Laura Zats is a literary agent at Red Sofa Literary. She gives great information on what she sees in publishing (follow her!). It’s also important to note the part about Christian ideology–perhaps those creatures in another cultural framework would fare better (free idea, everyone!). The previous week, she posted a similar response about zombies. I was partially bummed, but not surprised–especially about zombies. I am a zombie hipster. I liked zombies way before it was cool to like zombies. But publishing doesn’t care so much about that.
The other creatures I watched for while walking through a bookstore this weekend, and Holy Toledo Zats is right. The glut of angels and demons is here and swelling. Ghosts are trickier for me, because they are a horror institution. Try telling anyone working in the horror industry that ghosts are a hard sell right now. The genre is ghosts…and vampires and killers and demons and monsters like zombies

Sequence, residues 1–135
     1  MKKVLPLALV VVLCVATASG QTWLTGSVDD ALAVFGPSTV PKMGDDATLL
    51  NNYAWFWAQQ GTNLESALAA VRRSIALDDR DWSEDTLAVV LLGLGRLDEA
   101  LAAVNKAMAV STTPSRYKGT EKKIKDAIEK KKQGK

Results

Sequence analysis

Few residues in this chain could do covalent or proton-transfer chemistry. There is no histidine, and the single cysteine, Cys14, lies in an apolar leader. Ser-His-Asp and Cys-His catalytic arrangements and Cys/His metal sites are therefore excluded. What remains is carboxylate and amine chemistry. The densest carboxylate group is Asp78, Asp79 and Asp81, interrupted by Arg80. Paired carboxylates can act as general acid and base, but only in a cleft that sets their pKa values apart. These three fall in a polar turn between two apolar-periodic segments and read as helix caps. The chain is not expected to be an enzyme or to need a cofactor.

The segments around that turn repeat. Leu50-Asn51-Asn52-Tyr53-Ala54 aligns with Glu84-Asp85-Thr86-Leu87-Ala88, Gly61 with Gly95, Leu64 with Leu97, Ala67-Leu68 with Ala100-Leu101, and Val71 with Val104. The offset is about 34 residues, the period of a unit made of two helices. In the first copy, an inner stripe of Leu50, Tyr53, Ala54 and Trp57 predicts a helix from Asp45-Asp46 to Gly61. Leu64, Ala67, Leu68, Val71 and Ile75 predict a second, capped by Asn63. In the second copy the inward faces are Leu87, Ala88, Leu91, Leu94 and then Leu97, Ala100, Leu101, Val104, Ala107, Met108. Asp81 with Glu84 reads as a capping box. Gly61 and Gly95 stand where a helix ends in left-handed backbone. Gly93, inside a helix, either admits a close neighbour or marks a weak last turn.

Here’s the thing: Zats reps romance, YA, MG, contemporary women’s fiction, SF, fantasy, erotica, and NA. Not horror/thriller. So who’s been taking my bad guys?
Quadruple ugh! Herein lies the tension: should I be happy that these creatures have become so mainstream or should I be frustrated that in many respects they’ve been captured from the wild and emasculated? Edward Cullen sparkles. The Walking Dead is just a drama. People write from the monster’s perspective to show how it’s just misunderstood.
If we let it become part of the greater conversation about why we are fascinated with the other, we can still take heart, horror/thriller writers! We have been part of this conversation for much longer. We can still contribute a unique viewpoint, and those in the field will be thankful.
Do you think the pervasiveness of horror icons is good for the genre?